And then there were the strengths he discovered in relationships. He would ultimately draw the bulk of his powers from more than a thousand healthy relationships that he initiated and maintained over his lifetime. He paid careful attention to people, and he was eager to lend them a hand, flash a grin, share some nugget of wisdom, or simply just be present when there was nothing sensible to be said. The apostle wrote that love consists of building another person up. Dad’s social skills were constantly employed in such building endeavors. And as he built strength in others, he mysteriously grew stronger himself. Everyone who knew him well will attest: he was often perceived as the strongman in the room.
Of all the relationships that made my dad strong, the one he had with my mom was the most poignant. The writer of Ecclesiastes noted, “two are better than one…for if they fall, one will lift up the other…if two lie together they keep warm…though one might prevail, two will withstand.” (Ecclesiastes 4: 9-12) My mom and dad brought everything they knew about different forms of strength into their marriage. They had countless arguments and an equal number of reconciliations. Theirs was a dynamic strength that only comes from “a long obedience in the same direction.” (Eugene Peterson) Their marriage was two days shy of 67 years when he died. The two of them somehow found a way to pick each other up, even if the other didn’t deserve it. And they became stronger through sickness, want, failure, disappointment, relocation, diverging careers, family dramas, and opposite personalities.
My dad remained a strongman, even after his stroke, even after the skin on his arms flopped loose where muscles had once reigned, even after he became the shortest one in the photo. He went from strength to strength.
In his younger days his strength mostly fed his pride. But as he became wiser, his strength became a means to happiness, for himself and others. Strength that is devoted to controlling others or compensating for lack of self-confidence bears seeds of its own decline. It is what we mean when we say that those who live by the sword die by the sword.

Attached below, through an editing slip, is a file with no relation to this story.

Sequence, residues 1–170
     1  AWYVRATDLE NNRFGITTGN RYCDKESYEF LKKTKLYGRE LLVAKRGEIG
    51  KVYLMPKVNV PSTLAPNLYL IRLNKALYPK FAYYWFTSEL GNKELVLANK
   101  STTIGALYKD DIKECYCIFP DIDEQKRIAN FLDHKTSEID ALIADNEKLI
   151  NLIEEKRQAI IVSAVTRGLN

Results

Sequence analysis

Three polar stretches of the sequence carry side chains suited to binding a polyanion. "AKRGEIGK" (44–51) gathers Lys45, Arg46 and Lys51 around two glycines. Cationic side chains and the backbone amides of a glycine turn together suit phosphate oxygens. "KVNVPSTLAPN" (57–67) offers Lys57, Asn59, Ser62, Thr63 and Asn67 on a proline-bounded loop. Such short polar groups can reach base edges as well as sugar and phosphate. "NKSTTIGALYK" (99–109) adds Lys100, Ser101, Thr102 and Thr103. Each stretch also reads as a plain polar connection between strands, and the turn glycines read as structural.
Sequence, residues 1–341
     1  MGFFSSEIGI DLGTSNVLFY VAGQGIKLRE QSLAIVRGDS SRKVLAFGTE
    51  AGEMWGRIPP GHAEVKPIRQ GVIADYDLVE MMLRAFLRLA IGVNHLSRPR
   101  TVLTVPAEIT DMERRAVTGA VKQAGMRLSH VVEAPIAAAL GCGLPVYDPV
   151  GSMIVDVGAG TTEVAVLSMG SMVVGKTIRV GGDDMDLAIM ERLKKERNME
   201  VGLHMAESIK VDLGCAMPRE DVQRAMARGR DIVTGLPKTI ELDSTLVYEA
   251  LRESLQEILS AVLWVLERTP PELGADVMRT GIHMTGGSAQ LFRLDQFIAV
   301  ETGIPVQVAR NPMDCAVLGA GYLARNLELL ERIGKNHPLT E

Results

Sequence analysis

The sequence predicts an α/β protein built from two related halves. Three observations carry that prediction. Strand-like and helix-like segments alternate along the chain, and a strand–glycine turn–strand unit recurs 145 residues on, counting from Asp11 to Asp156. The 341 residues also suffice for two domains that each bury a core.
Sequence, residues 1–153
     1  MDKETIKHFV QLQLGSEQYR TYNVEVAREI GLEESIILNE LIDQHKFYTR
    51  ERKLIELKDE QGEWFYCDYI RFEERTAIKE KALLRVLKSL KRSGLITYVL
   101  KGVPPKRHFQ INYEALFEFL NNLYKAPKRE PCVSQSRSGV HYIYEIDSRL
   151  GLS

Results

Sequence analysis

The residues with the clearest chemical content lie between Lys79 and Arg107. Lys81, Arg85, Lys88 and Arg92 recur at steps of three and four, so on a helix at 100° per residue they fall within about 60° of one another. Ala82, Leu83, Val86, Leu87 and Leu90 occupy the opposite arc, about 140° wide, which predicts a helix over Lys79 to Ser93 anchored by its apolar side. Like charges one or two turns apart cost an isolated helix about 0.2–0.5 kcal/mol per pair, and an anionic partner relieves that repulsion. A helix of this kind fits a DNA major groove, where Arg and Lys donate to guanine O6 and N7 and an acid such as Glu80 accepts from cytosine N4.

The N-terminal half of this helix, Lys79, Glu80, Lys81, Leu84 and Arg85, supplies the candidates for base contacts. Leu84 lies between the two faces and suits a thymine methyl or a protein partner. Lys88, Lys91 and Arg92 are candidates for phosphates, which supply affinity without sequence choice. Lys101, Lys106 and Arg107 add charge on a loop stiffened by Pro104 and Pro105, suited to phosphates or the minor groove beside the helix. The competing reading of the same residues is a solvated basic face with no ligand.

But strengths that are devoted to happiness and camaraderie possess something eternal. One strength begats and then yields to a higher strength. And even to the last breath, one might indeed be the strongman in the room. I know: I saw it with my own eyes.
III. THE DREAMER
I hate to speak ill of the dead, especially my own father. But dad was a lousy corpse. That was clear to me the moment I approached the bier and peered in his casket for the first time. It was hard to figure out immediately what was amiss… The undertaker had clearly checked all the tasks off his list: wash, powder, groom, and dress the body. No, this was something my dad seemed to be screwing up. He was looking uncharacteristically dull, given this last chance to be center stage.
It took me about two hours to figure it out. The cadaver had no grin. The funeral director couldn’t fabricate something that can only come from the spirit of a person. In real life, John Smith was never more than a moment away from flashing “the grin.” It was even present in his last moments of lucidity. During his last two days, all we could do was bait that grin: tossing out names, places, memories… The flickering grin was the last part of his personality to expire.